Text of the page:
· Revisio Generum Plantarum (1891)

If you are looking for specific details regarding Atimuktaka, for example chemical composition, health benefits, side effects, extract dosage, pregnancy safety, diet and recipes, have a look at these references.

Biology book cover
context information

This sections includes definitions from the five kingdoms of living things: Animals, Plants, Fungi, Protists and Monera. It will include both the official binomial nomenclature (scientific names usually in Latin) as well as regional spellings and variants.

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Languages of India and abroad

Sanskrit dictionary

[«previous next»] — Atimuktaka in Sanskrit glossary
Source: Cologne Digital Sanskrit Dictionaries: Edgerton Buddhist Hybrid Sanskrit Dictionary

Atimuktaka (अतिमुक्तक).—(= Pali Atimuttaka-susāna; presumably named from the creeper atim°), name of a cemetery near Benares: °ke (Senart em. °ka-) śmaśāne Mahāvastu ii.168.8; °kaṃ (Senart em. °ka-) śmaśānaṃ id. 11.

Source: Cologne Digital Sanskrit Dictionaries: Shabda-Sagara Sanskrit-English Dictionary

Atimuktaka (अतिमुक्तक).—m.

(-kaḥ) 1. A tree, (Dalbergia oujeiniensis.) 2. Mountain ebony. See tinduka. 3. A creeper. (Gœrtnera racemosa, &c.) E. See atimukta.

Source: Cologne Digital Sanskrit Dictionaries: Benfey Sanskrit-English Dictionary

Atimuktaka (अतिमुक्तक).—[atimukta + ka], m. The name of several plants, as Dalbergia ougeinensis, Gaertnera racemosa, etc.

Source: Cologne Digital Sanskrit Dictionaries: Monier-Williams Sanskrit-English Dictionary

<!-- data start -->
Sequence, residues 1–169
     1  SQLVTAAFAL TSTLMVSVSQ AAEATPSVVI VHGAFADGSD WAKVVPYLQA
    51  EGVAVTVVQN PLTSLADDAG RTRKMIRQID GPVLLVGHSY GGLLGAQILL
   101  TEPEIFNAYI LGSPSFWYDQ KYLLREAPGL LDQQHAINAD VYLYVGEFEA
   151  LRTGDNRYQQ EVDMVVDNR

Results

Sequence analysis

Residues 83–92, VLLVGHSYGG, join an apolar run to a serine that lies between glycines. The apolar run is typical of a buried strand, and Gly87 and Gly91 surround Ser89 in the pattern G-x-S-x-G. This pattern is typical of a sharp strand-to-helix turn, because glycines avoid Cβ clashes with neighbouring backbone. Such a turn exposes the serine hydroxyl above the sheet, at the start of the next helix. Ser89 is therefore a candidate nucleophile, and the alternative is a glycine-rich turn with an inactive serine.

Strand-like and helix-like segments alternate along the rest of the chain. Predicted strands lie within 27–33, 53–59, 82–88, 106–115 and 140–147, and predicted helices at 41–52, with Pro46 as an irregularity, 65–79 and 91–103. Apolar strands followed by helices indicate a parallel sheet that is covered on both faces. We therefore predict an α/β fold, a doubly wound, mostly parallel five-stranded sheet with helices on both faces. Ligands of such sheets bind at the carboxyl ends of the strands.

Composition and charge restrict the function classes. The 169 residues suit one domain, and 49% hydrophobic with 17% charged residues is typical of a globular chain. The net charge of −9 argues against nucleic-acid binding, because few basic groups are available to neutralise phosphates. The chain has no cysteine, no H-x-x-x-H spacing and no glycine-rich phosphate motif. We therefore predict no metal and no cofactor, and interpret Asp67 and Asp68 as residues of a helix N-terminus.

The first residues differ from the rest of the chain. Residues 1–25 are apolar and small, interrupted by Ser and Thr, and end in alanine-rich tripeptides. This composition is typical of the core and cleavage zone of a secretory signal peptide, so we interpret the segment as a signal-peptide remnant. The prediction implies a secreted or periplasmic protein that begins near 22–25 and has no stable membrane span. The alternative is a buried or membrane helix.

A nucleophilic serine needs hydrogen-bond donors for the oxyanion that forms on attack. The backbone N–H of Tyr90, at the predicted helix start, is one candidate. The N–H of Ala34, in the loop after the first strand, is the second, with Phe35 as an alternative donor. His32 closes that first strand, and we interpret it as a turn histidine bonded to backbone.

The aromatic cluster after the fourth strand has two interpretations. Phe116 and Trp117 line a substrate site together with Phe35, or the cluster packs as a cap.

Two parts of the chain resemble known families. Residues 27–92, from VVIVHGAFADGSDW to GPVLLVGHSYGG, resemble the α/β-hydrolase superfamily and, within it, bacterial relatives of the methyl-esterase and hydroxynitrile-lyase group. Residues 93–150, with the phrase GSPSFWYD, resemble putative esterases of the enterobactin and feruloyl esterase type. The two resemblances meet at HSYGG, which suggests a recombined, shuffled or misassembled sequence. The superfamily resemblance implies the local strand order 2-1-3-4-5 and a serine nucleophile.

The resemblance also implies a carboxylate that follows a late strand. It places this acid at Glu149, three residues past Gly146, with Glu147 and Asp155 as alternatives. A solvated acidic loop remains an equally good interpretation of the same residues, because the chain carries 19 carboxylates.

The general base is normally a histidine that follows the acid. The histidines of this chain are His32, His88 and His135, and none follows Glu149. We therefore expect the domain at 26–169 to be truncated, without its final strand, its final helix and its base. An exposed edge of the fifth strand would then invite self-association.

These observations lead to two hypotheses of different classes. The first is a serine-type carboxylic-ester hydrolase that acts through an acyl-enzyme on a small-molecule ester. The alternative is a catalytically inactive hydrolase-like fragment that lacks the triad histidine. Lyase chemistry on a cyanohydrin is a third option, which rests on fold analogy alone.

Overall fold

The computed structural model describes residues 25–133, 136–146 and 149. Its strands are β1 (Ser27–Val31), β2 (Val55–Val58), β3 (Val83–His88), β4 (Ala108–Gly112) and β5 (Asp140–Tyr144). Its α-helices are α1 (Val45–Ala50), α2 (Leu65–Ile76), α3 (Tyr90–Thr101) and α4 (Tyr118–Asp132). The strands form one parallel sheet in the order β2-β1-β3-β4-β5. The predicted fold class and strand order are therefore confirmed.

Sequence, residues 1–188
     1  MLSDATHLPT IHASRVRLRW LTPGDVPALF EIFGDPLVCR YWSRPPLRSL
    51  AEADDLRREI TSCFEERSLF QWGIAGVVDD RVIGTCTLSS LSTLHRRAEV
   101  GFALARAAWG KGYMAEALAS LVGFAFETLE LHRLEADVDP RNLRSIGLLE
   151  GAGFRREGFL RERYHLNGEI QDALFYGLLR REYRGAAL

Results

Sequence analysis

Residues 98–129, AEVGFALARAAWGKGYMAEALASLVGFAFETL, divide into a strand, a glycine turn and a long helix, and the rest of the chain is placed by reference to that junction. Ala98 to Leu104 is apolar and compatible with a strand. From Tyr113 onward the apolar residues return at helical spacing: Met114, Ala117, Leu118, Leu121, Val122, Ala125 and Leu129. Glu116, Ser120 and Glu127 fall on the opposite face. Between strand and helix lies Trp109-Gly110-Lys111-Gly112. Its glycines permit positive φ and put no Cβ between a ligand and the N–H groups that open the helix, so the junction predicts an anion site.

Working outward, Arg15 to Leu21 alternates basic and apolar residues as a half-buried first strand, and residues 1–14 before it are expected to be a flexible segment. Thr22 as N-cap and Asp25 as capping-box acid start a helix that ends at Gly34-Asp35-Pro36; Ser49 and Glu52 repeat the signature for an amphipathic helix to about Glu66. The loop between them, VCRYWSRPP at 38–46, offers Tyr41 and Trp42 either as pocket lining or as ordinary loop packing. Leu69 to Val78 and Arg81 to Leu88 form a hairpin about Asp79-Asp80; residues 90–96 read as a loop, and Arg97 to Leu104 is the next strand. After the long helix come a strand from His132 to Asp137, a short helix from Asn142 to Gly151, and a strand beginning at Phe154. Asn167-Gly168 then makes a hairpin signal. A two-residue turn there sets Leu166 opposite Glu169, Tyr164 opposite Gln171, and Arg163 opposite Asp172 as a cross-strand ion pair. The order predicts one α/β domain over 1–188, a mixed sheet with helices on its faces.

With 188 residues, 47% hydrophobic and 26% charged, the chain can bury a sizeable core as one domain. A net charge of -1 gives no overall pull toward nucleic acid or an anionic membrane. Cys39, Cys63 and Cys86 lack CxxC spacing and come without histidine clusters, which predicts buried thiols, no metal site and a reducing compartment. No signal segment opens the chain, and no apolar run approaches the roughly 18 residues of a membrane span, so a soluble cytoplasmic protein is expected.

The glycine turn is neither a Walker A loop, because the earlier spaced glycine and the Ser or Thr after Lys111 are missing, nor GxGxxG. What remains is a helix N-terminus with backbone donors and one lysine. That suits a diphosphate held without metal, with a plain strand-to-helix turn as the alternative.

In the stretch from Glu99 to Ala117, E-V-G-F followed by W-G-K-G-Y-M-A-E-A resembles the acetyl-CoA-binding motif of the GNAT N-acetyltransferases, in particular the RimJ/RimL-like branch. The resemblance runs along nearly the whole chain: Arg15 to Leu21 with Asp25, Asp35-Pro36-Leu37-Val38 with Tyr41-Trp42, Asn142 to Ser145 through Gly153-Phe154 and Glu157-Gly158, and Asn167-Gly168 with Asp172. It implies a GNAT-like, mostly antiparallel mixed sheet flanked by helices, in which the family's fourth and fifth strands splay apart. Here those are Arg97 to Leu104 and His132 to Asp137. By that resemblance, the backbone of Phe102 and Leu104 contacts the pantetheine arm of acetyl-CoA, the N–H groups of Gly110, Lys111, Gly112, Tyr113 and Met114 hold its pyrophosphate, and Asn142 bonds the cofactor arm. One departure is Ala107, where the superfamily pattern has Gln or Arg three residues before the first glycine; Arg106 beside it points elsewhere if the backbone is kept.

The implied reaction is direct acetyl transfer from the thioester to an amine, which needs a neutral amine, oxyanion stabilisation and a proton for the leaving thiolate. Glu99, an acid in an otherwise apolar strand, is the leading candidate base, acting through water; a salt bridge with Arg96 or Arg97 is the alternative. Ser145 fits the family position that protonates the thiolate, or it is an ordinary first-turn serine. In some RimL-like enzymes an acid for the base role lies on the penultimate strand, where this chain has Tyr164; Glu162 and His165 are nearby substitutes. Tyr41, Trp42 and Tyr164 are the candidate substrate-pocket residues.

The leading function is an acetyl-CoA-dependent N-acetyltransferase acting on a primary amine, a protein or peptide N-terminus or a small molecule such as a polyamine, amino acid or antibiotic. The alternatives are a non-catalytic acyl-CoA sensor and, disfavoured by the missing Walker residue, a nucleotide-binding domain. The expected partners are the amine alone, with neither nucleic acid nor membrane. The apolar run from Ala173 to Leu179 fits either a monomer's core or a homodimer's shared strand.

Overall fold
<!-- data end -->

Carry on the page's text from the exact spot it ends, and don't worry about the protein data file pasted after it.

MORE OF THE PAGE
1) Atimuktaka (अतिमुक्तक):—[=ati-muktaka] [from ati] a m. = the preceding

2) [v.s. ...] mountain ebony

3) [v.s. ...] the tree Harimantha.

4) [=ati-muktaka] [from ati-muc] b m. ‘surpassing pearls in whiteness’, Name of certain shrubs.

Source: Cologne Digital Sanskrit Dictionaries: Goldstücker Sanskrit-English Dictionary

Atimuktaka (अतिमुक्तक):—m.

(-kaḥ) 1) A tree (Dalbergia oujeiniensis).

2) A creeper (Gærtnera racemosa). See atimukta.

3) Mountain ebony. See tinduka.

4) Another tree. See harimantha. E. atimukta, taddh. aff. kan.

Source: Cologne Digital Sanskrit Dictionaries: Yates Sanskrit-English Dictionary

Atimuktaka (अतिमुक्तक):—[ati-muktaka] (kaḥ) 1. m. A tree (Dalbergia Ougeiniensis); ebony.

[Sanskrit to German]

Atimuktaka in German

context information

Sanskrit, also spelled संस्कृतम् (saṃskṛtam), is an ancient language of India commonly seen as the grandmother of the Indo-European language family (even English!). Closely allied with Prakrit and Pali, Sanskrit is more exhaustive in both grammar and terms and has the most extensive collection of literature in the world, greatly surpassing its sister-languages Greek and Latin.

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Kannada-English dictionary

[«previous next»] — Atimuktaka in Kannada glossary
Source: Alar: Kannada-English corpus

Atimuktaka (ಅತಿಮುಕ್ತಕ):—[noun] = ಅತಿಮುಕ್ತ [atimukta]2.

context information

Kannada is a Dravidian language (as opposed to the Indo-European language family) mainly spoken in the southwestern region of India.